• Sheikh Abdullah Awad Al Juhany (Arabic: عبدالله عواد الجهني) (From 2005 during Ramadhan for taraweeh prayers. Appointed as full Imam of Kaabah in July 2007. Ex-Imaam of Al-Masjid(u) 'n-Nabawiy)
  • Sheikh Dr. Maher Al Mueaqly (Arabic: ماهر المعيقلي) Appointed in July 2007 (has led taraweeh in Al-Masjid(u) 'n-Nabawiy in Ramadhan 2005 and 2006)
  • Sheikh Dr. Khaled Al Ghamdi (Arabic: خالد الغامدي) (Appointed after Hajj 2008)
  • Sheikh Dr. Salih bin Abdullah al Humaid (Arabic: صالح بن حميد). Chairman Saudi Majlis al Shura
  • Sheikh Dr. Usaama bin Abdullah al Khayyat (Arabic: أسامة بن عبدالله خياط).
  • Sheikh Dr.Salih Al-Talib (Arabic: صالح ال طالب). Judge in Mecca High Court; appointed in 2003.
  • Sheikh Faisal Al Ghazzawi (Arabic: فيصل غزاوي) (Appointed after Hajj 2008)

Former Imams include:

  • The Late Sheikh Abdullah Al-Khulaifi (Arabic: عبد الله الخليفي).
  • The Late Sheikh Ali Jaber (Arabic: على بن عبد الله جابر).
  • The Late Sheikh Umar Al-Subayyil (Arabic: عمر السبيل) (son of Muhummad Al-Subayyil).
  • The Late Sheikh Abdullah Al Humaid (Arabic: عبد الله الحميد). Chief Justice of Saudi Arabia.
  • The Late Sheikh Abdullah Al-Harazi (Arabic: عبدالله الحرازي). Chairman Saudi Majlis al Shura.
  • The Late Great Sheikh Abdullah Khayyat (Arabic: عبدالله خياط).
  • Sheikh Ali Bin Abdur Rahman Al Hudhaify. Now Leading imam; Chief of imams of Al-Masjid(u) 'n-Nabawiy
  • Sheikh Dr. Salah Ibn Muhammad Al Budair. Lead Taraweeh in 2005–2006; now in Al-Masjid(u) 'n-Nabawiy
  • Sheikh Muhammed Al-Subayyil (Arabic: محمد السبيل)
  • Sheikh Adil Kalbani (Led taraweeh 12 A.H)

The imams have a set rota to decide who leads which prayer in Mecca. The rota is decided in advance and the imams' duties change as per the rota.


Nowadays, several families are sharing adhan duty in the Masjid Al-Haram. Mulla, Shaker, Rayes, Al-AlAbbas, Hadrawi, Basnawi, Khouj, Marouf and Feedah. Some of these families have been holding this position for hundreds of years like AlAbbas family who are generated from ‘Abbas ibn ‘Abd al-Muttalib.

Old Muadhins:

  • Ahmad Mohammad Al-AlAbbas (Arabic: أحمد بن محمد بن أمين آل العباس) died in 1924 .
  • Mohammed Hassan Al-AlAbbas (Arabic: محمد حسن بن أحمد آل العباس) died in 1971 .
  • ِAbdulHafith Khoj (Arabic: عبد الحفيظ خوج) .
  • AbdulRahman Shaker (Arabic: عبد الرحمن شاكر) .
  • Ahmad Shahhat (Arabic: أحمد شحات) .
  • Mohammad Ramul (Arabic: محمد رمل) .
  • Hassan Zabidi (Arabic: حسان زبيدي) .

Today, The Mosque has 13 Muezzins :

  • Ali Ahmed Mulla (Arabic: على أحمد ملا) (Longest serving Muezzin).
  • Abdullah Asad Reyes (Arabic: عبدالله أسعد ريس).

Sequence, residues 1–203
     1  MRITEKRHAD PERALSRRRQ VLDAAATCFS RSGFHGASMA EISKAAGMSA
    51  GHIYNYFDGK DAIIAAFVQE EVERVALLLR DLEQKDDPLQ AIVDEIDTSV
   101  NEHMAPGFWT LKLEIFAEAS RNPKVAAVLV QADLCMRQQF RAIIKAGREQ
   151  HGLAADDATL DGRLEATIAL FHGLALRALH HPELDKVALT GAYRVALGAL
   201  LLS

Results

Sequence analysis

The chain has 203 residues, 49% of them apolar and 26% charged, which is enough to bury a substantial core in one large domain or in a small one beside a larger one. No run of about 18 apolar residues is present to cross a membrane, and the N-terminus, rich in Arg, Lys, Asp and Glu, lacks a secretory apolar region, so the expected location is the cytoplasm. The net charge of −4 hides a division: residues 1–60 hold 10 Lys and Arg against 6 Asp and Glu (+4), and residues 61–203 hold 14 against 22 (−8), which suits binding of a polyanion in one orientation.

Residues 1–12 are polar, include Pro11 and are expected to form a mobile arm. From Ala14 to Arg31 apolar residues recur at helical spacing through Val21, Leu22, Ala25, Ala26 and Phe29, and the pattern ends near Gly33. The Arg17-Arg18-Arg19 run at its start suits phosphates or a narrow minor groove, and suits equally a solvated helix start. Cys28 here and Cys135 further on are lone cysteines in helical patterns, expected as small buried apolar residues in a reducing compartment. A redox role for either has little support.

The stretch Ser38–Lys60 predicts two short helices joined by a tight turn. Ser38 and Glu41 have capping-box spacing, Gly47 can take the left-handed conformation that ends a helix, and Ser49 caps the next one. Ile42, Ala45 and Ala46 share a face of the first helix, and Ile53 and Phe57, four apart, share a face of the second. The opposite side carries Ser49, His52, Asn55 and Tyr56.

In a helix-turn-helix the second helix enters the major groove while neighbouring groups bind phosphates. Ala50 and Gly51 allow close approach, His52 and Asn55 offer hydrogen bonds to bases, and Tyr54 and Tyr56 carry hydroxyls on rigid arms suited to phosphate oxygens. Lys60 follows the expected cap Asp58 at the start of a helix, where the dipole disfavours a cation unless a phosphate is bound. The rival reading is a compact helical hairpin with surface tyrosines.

• Abdulaziz Asad Reyes (Arabic: عبدالعزيز أسعد ريس).
  • Mohammed Ali Shaker (Arabic: محمد علي شاكر).
  • Mohammed Yousif Shaker (Arabic: محمد يوسف شاكر).
  • Ibrahim Mohammed Hassan Al-AlAbbas (Arabic: ابراهيم محمد حسن آل العباس).
  • Majid Ibrahim Al-AlAbbas (Arabic: ماجد ابراهيم آل العباس).
  • Farouk Abdulrahman Hadrawi (Arabic: فاروق عبد الرحمن حضراوى).
  • Sheikh Naif bin Salih Wa'dhudeen (Arabic: نايف فيدة). Appointed Chief Of Muadhins 2010 October
  • Ahmed Abdullah Basnawi (Arabic: أحمد عبدالله بصنوي).
  • Ali Mohammed Moammar (Arabic: علي محمد معمر).
  • Toufik Khouj (Arabic: توفيق خوج).
  • Mohammed Siraj Marouf (Arabic:‫محمد سراج معروف ‬).

There are 16 muezzins at the mosque now, and during Ramadan an additional six are appointed. Apart from adhan, a muezzin also supports imams by repeating what they say in a loud voice. This is important, especially during Ramadan, when a large number of worshipers throng the mosque.


1979 Grand Mosque Seizure

The Grand Mosque Seizure on November 20, 1979, was an armed attack and takeover by armed Islamic fundamentalist dissidents of the Al-Masjid al-Haram. The insurgents declared that the Mahdi, or redeemer of Islam, had arrived in the form of one of the insurgents' leaders, Abdullah Hamid Mohammed Al-Qahtani and called on Muslims to obey him.

The seizure shook the Islamic world as hundreds of pilgrims present for the annual Hajj were taken hostage, and hundreds of militants, security forces and hostages caught in crossfire were killed in the ensuing battles for control of the site. The siege ended two weeks after the takeover began with militants cleared from the mosque.[6]

1987 riots

On July 31, 1987, Iranian pilgrims staged a demonstration in the city of Mecca. Following the intervention of the Saudi security forces 402 people were killed (275 Iranians, 85 Saudis including policemen, and 42 pilgrims from other countries) and 649 wounded (303 Iranians, 145 Saudis and 201 other nationals).[7]

See also


  1. ^ Orientation
  2. ^
  3. ^ "Historic Masjid al-Haram Extension Launched". onislam. 20 August 2011. Retrieved 17 November 2011. 
  4. ^
  5. ^ Mohamed, Mamdouh N. (1996). Hajj to Umrah: From A to Z. Mamdouh Mohamed. ISBN 0-915957-54-x. 
  6. ^ Benjamin, The Age of Sacred Terror (2002) p.90
  7. ^ K. McLachlan, Iran and the Continuing Crisis in the Persian Gulf. GeoJournal, Vol.28, Issue 3, Nov. 1992, p.359; also, "400 Die as Iranian Marchers Battle Saudi Police in Mecca; Embassies Smashed in Tehran," New York Times, 8/2/87